Nanocrystals make volcanoes explode

A transmission electron microscopy image of a nano crystal (ca 25 nm in diameter) in a basaltic magma from Mt. Etna (Italy). The nano crystal is enriched in iron (Fe) and it was produced in a laboratory during at BGI.

Image: Nobuyoshi Miyajima

Bayreuth geoscientist discovers causes of sudden eruptions

Tiny crystals, ten thousand times thinner than a human hair, can cause explosive volcanic eruptions. This surprising connection has recently been discovered by a German-British research team led by Dr. Danilo Di Genova from the Bavarian Research Institute of Experimental Geochemistry & Geophysics (BGI) at the University of Bayreuth. The crystals increase the viscosity of the underground magma. As a result, a build-up of rising gases occurs. The continuously rising pressure finally discharges in massive eruptions. The scientists present the results of their nanogeoscientific research in the journal “Science Advances”.

“Exactly what causes the sudden and violent eruption of apparently peaceful volcanoes has always been a mystery in geology research. Nanogeoscience research has now allowed us to find an explanation. Tiny crystal grains containing mostly iron, silicon, and aluminium are the first link in a chain of cause and effect that can end in catastrophe for people living in the vicinity of a volcano. The most powerful volcanic eruption in human history was Mount Tambora in Indonesia in 1815″, says Dr. Danilo Di Genova. For the recently published study, he worked closely with scientists from the University of Bristol, the Clausthal University of Technology, and two European synchrotron radiation facilities.

Because of their diameter of a few nanometres, the crystals are also known as nanolites. Using spectroscopic and electron microscopy methods, the researchers have detected traces of these particles, invisible to the eye, in the ashes of active volcanoes. In the BGI’s laboratory, they were then able to describe these crystals and finally to demonstrate how they influence the properties of volcanic magma.

The investigations focused on magma of low silicon oxide content cooling to form basalt on the earth’s surface after a volcanic eruption. Low silica magma is known for its low viscosity: It forms a thin lava that flows quickly and easily.

The situation is different, however, if it contains a large number of nanolites. This makes the magma viscous – and far less permeable to gases rising from the earth’s interior. Instead of continuously escaping from the volcanic cone, the gases in the depths of the volcano become trapped in the hot magma. As a result, the magma is subjected to increasing pressure until it is finally ejected explosively from the volcano.

“Constant light plumes of smoke above a volcanic cone need not necessarily be interpreted as a sign of an imminent dangerous eruption. Conversely, however, the inactivity of apparently peaceful volcanoes can be deceptive. Rock analyses, written and archaeological sources suggest, for example, that people in the vicinity of Vesuvius were surprised by an extremely violent eruption of the volcano in 79 AD.

Numerous fatalities and severe damage to buildings were the result”, says Di Genova. In his further research, the Bayreuth scientist hopes to use high-pressure facilites and computer simulation to model the geochemical processes that lead to such unexpected violent eruptions. The aim is to better understand these processes and thus also to reduce the risks for the population in the vicinity of volcanoes.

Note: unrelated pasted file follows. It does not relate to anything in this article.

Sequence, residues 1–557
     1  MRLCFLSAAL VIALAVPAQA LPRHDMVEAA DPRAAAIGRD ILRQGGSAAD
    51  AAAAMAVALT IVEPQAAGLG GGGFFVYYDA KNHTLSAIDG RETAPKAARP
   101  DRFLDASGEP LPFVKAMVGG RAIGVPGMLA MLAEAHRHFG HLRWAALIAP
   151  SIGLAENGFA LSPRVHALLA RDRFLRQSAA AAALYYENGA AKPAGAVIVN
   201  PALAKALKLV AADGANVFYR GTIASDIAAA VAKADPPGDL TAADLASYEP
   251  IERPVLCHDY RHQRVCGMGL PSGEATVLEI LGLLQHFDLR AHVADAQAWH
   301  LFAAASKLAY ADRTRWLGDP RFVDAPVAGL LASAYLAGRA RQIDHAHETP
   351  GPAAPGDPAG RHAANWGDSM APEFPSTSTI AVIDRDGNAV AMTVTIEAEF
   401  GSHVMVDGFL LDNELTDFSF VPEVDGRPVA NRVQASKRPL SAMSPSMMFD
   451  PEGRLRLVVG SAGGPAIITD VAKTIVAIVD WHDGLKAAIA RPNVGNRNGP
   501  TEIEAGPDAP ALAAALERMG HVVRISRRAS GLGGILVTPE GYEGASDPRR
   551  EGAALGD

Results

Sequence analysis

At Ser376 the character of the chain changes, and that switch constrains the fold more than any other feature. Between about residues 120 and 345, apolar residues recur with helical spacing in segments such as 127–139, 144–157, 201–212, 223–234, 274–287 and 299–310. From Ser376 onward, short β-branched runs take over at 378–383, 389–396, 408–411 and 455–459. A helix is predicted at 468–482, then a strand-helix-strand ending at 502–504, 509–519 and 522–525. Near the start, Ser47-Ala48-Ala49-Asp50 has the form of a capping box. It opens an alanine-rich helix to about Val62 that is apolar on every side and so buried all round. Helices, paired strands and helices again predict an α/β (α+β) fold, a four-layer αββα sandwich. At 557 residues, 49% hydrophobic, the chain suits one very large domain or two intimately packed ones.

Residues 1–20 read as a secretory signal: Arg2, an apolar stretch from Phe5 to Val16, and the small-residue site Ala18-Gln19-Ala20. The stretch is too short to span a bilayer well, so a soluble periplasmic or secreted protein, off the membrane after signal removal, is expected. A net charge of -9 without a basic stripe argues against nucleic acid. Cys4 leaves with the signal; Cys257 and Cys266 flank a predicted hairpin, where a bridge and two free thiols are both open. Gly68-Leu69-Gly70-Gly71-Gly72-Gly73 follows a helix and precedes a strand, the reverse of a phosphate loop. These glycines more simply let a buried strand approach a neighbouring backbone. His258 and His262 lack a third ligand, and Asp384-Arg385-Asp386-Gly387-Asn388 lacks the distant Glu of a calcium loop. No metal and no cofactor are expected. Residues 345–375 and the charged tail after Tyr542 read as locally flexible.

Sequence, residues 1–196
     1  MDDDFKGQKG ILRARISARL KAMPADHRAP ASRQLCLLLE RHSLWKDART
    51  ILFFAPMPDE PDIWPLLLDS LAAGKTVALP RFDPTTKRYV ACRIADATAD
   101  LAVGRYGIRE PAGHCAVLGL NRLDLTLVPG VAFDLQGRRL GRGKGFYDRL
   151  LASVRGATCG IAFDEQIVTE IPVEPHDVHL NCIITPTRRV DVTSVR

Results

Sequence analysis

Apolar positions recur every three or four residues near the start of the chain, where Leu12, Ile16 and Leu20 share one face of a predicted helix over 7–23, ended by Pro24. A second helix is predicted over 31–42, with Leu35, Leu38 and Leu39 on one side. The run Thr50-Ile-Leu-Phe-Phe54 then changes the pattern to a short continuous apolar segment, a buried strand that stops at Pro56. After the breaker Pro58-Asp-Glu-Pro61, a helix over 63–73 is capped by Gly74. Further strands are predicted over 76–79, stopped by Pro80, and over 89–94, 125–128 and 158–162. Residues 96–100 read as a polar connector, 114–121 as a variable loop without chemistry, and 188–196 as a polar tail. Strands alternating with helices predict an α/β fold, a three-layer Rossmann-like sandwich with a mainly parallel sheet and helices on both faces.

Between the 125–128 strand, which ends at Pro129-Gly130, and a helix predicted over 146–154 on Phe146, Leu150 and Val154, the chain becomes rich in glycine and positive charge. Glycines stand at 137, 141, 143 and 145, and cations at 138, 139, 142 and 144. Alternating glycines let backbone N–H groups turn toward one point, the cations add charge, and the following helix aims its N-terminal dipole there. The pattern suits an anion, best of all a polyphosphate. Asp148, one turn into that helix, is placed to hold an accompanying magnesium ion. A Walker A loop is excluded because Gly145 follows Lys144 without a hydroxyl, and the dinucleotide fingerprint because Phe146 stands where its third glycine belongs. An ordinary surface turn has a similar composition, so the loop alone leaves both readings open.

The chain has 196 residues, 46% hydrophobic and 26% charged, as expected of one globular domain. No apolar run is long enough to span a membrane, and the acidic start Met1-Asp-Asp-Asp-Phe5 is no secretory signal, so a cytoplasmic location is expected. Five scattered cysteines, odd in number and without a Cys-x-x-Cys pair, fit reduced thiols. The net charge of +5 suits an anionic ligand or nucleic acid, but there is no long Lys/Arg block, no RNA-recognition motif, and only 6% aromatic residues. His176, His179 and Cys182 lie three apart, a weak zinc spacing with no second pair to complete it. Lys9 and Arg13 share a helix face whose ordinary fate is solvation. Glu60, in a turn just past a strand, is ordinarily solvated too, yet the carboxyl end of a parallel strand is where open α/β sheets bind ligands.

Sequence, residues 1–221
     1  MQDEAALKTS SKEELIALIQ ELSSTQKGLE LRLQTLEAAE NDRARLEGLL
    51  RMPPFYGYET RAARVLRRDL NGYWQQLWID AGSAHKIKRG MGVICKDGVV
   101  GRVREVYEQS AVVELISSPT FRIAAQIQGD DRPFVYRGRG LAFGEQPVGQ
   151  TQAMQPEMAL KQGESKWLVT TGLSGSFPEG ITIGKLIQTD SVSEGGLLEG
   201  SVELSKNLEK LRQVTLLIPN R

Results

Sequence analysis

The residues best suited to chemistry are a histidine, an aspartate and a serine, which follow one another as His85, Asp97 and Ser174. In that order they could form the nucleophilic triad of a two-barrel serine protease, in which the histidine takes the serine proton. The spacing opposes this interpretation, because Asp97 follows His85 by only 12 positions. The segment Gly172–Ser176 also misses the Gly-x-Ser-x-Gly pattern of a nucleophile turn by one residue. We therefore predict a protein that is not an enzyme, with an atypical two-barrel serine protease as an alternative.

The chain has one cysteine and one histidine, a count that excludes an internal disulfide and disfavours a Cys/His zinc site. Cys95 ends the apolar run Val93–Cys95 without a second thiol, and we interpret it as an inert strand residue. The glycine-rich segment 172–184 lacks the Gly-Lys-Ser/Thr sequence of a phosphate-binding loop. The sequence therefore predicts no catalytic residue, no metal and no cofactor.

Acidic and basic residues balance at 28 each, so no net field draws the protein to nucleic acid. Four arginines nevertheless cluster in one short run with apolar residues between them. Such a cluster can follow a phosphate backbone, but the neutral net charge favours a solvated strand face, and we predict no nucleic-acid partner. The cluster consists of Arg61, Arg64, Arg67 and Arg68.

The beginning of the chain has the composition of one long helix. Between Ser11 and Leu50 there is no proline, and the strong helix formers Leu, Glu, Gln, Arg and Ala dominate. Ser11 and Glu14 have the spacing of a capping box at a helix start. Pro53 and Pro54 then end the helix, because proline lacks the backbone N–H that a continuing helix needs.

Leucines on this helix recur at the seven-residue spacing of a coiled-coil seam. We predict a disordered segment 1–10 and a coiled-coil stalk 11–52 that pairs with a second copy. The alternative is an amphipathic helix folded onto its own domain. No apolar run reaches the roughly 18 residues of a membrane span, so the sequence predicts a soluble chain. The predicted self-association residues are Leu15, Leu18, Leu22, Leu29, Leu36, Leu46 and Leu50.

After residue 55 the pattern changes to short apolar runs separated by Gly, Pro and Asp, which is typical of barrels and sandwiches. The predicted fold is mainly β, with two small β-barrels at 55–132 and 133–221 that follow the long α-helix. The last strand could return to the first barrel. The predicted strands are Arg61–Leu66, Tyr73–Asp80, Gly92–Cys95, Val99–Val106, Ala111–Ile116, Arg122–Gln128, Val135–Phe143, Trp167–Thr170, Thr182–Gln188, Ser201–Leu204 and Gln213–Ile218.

Research Funding:
The research work at the Bavarian Research Institute of Experimental Geochemistry & Geophysics was funded by the German Research Foundation (DFG).

Wissenschaftliche Ansprechpartner:

Dr. Danilo Di Genova
Bavarian Research Institute of Experimental Geochemistry & Geophysics (BGI)
University of Bayreuth
Phone: +49 (0)921 55 3718
E-Mail: Danilo.Di-Genova@uni-bayreuth.de

Originalpublikation:

Danilo Di Genova et al.: In situ observation of nanolite growth in volcanic melt: A driving force for explosive eruptions. Science Advances (2020), DOI: https://dx.doi.org/10.1126/sciadv.abb0413

https://www.uni-bayreuth.de/en/university/press/press-releases/2020/132-volcanic-eruptions/index.html

Media Contact

Christian Wißler Pressestelle
Universität Bayreuth

Alle Nachrichten aus der Kategorie: Earth Sciences

Earth Sciences (also referred to as Geosciences), which deals with basic issues surrounding our planet, plays a vital role in the area of energy and raw materials supply.

Earth Sciences comprises subjects such as geology, geography, geological informatics, paleontology, mineralogy, petrography, crystallography, geophysics, geodesy, glaciology, cartography, photogrammetry, meteorology and seismology, early-warning systems, earthquake research and polar research.

Zurück zur Startseite

Kommentare (0)

Schreib Kommentar

Neueste Beiträge

Flash graphene rocks strategy for plastic waste

Rice University lab detours potential environmental hazard into useful material. Plastic waste comes back in black as pristine graphene, thanks to ACDC. That’s what Rice University scientists call the process…

Towards next-generation molecule-based magnets

Magnets are to be found everywhere in our daily lives, whether in satellites, telephones or on fridge doors. However, they are made up of heavy inorganic materials whose component elements…

Order in the disorder …

… density fluctuations in amorphous silicon discovered Silicon does not have to be crystalline, but can also be produced as an amorphous thin film. In such amorphous films, the atomic…

By continuing to use the site, you agree to the use of cookies. more information

The cookie settings on this website are set to "allow cookies" to give you the best browsing experience possible. If you continue to use this website without changing your cookie settings or you click "Accept" below then you are consenting to this.

Close